Tuesday, November 07, 2006

Arachnid interlude 

A tiny movement catches my eye. Black on black, a minute spider summits the lower half of my trouser leg and continues purposefully across my knee. Not wanting her to disappear into the folds of my fleece jacket, but unwilling to be so discourteous as to brush her away, I invite her onto the end of my pencil, and she accepts the offer.

Its lunch time; I’m sitting outside on a bench in an unlikely patch of green amidst urban greyness, enjoying the warmth of a hazy sun on an otherwise chilly November day. Notebook and pencil in hand, I’ve been jotting down whatever thoughts the scene in front of me brings to mind; right now though, this tiny creature has all of my attention, and writing is forgotten.

She continues her upwards journey to the eraser at the end on my pencil, and now that she can go no further she seems undecided what to do next. I imagine she’ll just continue over the top and down the other side, but no; something about that eraser causes her to stay there – perhaps it’s the different feel underfoot? But she’s not just idly sitting. So tiny, it’s hard to see, especially with my less than perfect eyesight; slightly puzzled, I watch her, head down, abdomen raised, legs apparently working at something.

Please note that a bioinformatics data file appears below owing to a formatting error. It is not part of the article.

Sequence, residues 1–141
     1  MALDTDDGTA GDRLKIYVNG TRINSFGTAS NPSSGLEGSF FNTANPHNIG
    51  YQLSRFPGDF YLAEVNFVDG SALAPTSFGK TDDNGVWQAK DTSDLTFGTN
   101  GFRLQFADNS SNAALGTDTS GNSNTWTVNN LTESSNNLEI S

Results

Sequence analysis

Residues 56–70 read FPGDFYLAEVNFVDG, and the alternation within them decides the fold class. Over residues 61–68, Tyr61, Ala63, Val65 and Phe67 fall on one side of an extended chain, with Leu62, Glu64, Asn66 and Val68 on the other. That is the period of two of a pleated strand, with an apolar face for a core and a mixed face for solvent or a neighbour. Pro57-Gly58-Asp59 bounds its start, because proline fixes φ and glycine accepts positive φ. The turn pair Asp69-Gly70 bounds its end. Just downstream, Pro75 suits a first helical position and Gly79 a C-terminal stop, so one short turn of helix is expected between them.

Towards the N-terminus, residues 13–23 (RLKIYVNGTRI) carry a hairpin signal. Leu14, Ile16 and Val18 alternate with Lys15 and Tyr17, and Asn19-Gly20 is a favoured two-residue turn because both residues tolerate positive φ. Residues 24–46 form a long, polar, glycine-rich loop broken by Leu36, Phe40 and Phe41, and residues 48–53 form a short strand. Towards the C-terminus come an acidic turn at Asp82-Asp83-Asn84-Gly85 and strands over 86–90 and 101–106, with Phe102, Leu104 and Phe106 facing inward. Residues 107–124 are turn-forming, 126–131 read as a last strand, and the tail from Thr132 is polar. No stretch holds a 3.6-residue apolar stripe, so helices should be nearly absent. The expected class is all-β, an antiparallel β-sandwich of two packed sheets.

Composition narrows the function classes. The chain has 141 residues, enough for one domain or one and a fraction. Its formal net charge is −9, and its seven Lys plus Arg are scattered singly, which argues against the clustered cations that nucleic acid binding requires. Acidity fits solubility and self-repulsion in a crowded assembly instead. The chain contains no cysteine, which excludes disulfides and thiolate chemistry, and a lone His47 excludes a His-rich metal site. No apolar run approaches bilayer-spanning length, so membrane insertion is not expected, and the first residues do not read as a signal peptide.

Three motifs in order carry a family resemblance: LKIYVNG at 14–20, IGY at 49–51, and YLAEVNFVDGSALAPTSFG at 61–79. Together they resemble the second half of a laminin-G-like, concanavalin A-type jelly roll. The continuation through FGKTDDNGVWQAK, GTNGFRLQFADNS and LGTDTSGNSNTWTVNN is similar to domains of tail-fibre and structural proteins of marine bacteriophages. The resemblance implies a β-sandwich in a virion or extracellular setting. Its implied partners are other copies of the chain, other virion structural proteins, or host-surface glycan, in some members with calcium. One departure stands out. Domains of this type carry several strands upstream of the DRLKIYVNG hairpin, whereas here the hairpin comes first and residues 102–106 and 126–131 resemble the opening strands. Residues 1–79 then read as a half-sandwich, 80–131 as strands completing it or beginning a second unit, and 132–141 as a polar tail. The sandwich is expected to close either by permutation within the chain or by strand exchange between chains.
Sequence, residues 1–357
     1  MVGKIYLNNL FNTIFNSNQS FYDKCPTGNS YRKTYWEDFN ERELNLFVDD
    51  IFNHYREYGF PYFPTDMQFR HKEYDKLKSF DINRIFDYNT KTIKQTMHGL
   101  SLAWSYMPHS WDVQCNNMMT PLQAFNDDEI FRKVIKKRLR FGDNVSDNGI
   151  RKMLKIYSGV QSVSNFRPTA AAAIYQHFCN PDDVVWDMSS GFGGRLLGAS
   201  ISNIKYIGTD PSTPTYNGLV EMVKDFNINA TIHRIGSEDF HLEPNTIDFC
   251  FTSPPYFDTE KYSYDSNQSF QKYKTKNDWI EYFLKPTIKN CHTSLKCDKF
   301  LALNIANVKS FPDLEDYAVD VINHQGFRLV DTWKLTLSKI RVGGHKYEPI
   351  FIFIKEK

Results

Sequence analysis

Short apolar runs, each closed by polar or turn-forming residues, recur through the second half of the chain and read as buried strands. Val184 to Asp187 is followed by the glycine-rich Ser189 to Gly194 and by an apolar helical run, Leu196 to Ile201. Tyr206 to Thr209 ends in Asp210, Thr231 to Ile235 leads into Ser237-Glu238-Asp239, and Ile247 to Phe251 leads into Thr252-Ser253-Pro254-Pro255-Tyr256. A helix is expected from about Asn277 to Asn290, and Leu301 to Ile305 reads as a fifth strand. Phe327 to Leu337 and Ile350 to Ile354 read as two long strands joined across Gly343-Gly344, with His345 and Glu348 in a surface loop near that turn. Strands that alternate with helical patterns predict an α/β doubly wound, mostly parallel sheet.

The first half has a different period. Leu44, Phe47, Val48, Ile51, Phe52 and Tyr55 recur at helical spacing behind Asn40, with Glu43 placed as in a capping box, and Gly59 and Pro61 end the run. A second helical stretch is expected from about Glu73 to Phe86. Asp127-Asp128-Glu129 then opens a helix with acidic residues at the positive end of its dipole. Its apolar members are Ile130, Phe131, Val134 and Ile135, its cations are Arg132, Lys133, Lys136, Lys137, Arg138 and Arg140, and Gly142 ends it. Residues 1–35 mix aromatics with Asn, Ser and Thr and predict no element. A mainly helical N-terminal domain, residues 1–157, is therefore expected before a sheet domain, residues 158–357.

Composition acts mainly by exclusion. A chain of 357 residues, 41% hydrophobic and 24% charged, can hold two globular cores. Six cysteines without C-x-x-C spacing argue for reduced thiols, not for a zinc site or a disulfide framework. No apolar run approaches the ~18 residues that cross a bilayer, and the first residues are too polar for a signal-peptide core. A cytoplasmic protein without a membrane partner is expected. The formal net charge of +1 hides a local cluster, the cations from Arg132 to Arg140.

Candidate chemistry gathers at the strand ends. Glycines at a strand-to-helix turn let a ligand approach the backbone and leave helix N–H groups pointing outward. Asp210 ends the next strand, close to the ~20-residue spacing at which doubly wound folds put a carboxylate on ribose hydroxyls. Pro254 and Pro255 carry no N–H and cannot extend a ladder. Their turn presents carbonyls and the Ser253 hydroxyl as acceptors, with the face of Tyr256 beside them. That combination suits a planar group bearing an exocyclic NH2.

Then the sun catches a flash of silver and in that instant I understand. She’s spinning a silken thread, and as she spins, the gentlest of breezes carries her home-made bridge away from terra firma and out into nothingness. I’m entranced by the realisation - she’d been making her way steadily upwards, and now that she has gone as far as she can go by simple perambulation, she’s planning to continue her upward journey; to vanish, as it were, literally into thin air.

It’s a wonderful metaphor – strive upwards, and when you think you can go no further, launch out – not altogether blind, but trusting in your own skill to carry you and in chance to guide you to somewhere new.

She must sense that the other end of the sticky thread has found purchase, for now she sets out on her invisible bridge, which sags and sways even under her negligible weight. Unfortunately for her though, the end has caught only on the sleeve of my fleece. She makes landfall, but it’s time for me to go. I pick her up again on the end of my pencil and with a puff of wind from my lungs send on her way, who knows where? Gradually, my attention returns once again to the business of the day, but I’m grateful – just like Robert the Bruce - for the lesson and the delight to be found in this tiny creature.

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